I obtained my B.A. in Physics from the University of California, Santa Cruz and worked at Intel before obtaining my Ph.D. in Physical Oceanography from the University of Washington.
Since joining the staff of the Climate Research Division at the Scripps Institution of Oceanography, I’ve worked on such problems as El Nino prediction, numerical modeling of the ocean and atmosphere, and detection and attribution of human-caused climate change in the world’s oceans as well as in Western U.S. snowpack and streamflow.
I was fortunate to be a contributing author to the 2007 and 2013 United Nations IPCC reports, a reviewer of the United States Southwest Region National Climate Assessment, and originator of the LOCA data set used in the most recent California state and National Climate Assessments.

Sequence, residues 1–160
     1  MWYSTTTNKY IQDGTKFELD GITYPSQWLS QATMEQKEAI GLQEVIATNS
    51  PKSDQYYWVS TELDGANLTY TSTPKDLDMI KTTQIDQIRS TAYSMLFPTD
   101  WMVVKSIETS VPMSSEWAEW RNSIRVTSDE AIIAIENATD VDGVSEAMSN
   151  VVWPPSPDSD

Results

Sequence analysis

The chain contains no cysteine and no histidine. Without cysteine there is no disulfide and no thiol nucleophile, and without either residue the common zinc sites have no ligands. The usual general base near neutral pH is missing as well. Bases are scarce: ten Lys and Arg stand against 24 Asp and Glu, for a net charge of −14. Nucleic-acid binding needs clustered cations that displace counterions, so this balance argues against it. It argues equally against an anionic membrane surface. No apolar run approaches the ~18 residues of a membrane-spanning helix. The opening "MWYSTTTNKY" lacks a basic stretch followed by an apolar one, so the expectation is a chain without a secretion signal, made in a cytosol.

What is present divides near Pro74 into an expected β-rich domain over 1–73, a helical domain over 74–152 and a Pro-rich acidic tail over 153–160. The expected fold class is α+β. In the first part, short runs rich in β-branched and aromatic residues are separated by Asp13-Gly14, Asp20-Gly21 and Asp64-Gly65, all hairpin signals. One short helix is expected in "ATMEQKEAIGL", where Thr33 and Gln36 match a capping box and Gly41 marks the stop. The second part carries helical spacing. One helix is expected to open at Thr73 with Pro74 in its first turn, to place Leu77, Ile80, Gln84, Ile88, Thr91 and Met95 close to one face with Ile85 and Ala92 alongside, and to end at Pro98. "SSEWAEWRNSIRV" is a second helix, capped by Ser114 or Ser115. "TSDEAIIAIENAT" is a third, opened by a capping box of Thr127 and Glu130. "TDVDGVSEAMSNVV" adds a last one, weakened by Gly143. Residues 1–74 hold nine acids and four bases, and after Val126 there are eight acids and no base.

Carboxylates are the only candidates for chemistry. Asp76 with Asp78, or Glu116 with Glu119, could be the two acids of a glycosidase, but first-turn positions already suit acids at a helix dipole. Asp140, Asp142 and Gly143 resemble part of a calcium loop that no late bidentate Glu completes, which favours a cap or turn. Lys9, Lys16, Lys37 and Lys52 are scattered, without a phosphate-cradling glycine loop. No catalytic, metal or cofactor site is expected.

Much of my work revolves around assessing climate change and variability and how it might impact natural and human systems such as the electricity grid and water infrastructure in California and the Colorado River basin.